Some very hopeful news appeared on the coronavirus horizon on Friday with the drugmaker Gilead stating that the drug Remdesivir will be available to any hospitalized patient in the U.S., and they expect to be able to satisfy global demand by the end of October.
Telling CNBC interviewers that there was an “ample supply” of the drug, Gilead CEO Daniel O’Day said there will be enough supply globally to treat patients who need it by the end of October.
The results of trials which were released on Thursday showed that hospitalized Covid-19 patients recovered an average of five days quicker after being given the drug — and for those who were severely ill, the recovery period was speeded up by seven days.
O’Day stated “These results are meaningful. They’ll definitely help patients around the world who have the misfortune of entering into the hospital to get better, and I’m really pleased to say that we have ample supply.”
The Remdesivir study was published in the New England Journal of Medicine. While undergoing trials, it was also found that the drug significantly reduced the death rate for those who were in the “early stages of receiving oxygen support.” but overall there was no significant reduction in mortality in the 1,060 patients as a whole.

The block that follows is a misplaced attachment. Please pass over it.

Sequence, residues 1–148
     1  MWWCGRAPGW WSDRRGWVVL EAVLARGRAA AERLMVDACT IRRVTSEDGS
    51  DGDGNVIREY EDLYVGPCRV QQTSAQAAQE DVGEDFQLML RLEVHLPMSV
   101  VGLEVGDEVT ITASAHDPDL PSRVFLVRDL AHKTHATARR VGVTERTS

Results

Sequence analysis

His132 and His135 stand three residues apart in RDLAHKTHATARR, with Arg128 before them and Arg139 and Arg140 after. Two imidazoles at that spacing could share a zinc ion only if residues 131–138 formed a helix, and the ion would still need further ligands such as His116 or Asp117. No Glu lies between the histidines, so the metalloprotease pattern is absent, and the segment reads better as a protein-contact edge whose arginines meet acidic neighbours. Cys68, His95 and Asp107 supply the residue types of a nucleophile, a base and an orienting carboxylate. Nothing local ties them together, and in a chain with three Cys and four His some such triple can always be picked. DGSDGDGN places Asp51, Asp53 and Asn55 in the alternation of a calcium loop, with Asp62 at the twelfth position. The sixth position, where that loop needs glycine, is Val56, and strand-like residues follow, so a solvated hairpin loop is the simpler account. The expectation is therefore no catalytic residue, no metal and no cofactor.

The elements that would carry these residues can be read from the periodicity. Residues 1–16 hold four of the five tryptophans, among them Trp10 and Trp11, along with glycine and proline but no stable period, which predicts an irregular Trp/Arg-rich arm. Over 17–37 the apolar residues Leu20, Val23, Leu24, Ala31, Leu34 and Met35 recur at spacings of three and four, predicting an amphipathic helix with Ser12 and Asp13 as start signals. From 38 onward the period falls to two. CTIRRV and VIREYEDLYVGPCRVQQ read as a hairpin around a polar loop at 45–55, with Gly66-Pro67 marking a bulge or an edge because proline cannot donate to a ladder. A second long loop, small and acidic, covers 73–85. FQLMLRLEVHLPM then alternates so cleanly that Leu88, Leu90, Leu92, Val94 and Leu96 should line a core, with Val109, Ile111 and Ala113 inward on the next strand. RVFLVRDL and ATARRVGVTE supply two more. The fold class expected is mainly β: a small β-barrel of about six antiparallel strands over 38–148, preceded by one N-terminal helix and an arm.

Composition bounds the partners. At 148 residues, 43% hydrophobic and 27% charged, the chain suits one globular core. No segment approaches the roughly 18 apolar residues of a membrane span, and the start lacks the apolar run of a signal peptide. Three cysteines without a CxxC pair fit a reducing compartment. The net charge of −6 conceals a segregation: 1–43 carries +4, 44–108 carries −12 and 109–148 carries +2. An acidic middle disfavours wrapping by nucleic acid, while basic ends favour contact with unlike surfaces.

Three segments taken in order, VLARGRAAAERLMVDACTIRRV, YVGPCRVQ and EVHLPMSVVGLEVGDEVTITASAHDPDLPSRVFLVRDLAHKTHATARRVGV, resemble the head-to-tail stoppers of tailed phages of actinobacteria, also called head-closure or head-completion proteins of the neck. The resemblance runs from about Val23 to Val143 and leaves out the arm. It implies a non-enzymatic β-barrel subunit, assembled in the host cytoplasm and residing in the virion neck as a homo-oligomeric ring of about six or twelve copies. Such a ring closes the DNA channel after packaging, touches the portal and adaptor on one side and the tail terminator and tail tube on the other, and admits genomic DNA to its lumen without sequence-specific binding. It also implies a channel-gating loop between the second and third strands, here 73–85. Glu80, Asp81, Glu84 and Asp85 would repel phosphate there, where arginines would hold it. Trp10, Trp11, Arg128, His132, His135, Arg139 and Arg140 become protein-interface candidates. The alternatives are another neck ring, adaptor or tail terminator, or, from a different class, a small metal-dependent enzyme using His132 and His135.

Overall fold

O’Day explained the usage of the drug, saying “The earlier you treat, the better in the hospital and you can prevent people from ever even going onto those stages of the disease where the risk of dying is very high.”
“This is a medicine that works by reducing the viral replication in the body, which is important earlier in the disease and earlier in your hospital stay, which is why it has its greatest effect there.”
Remdesivir can only be administered intravenously, in a hospital setting, but the drug company is hard at work coming up with an inhalable version of it.
So far, a total of 50 countries around the world have approved Remdesivir as a coronavirus treatment after it received emergency approval in May of this year. Former Food and Drug Administration commissioner Dr. Scott Gottlieb told interviewers the study’s results were “strong.”
“They confirm what we knew, which is remdesivir is active in this disease,” he explained. “It’s not a home-run drug. It’s a weakly active antiviral, but it has a treatment effect, so it is meaningful.”
Gottlieb added “I think combined with the antibody drugs, which should be coming onto the market soon, based on the data that we’ve seen, this is a pretty effective treatment regime in advance of a vaccine.”
The FDA allowed any hospitalized patient to receive Remdesivir in late August, was among the several treatments President Donald Trump received after he tested Covid-19 positive.
He also took a drug from the firm Regeneron, which works as an antibody treatment, attaching to the virus and neutralizing it, along with Remdesivir, which stops viruses from replicating. In his interview, Gottlieb expressed his belief that both such treatments will be approved for emergency use.
Addressing the use of these two types of treatments, O’Day said “These two mechanisms actually could be complementary and we will be studying those. We’re going to be a lot smarter. … In six months, 12 months, we’re going to be able to fine-tune this kind of therapeutic paradigm and vaccine paradigm to the best benefit of patients.”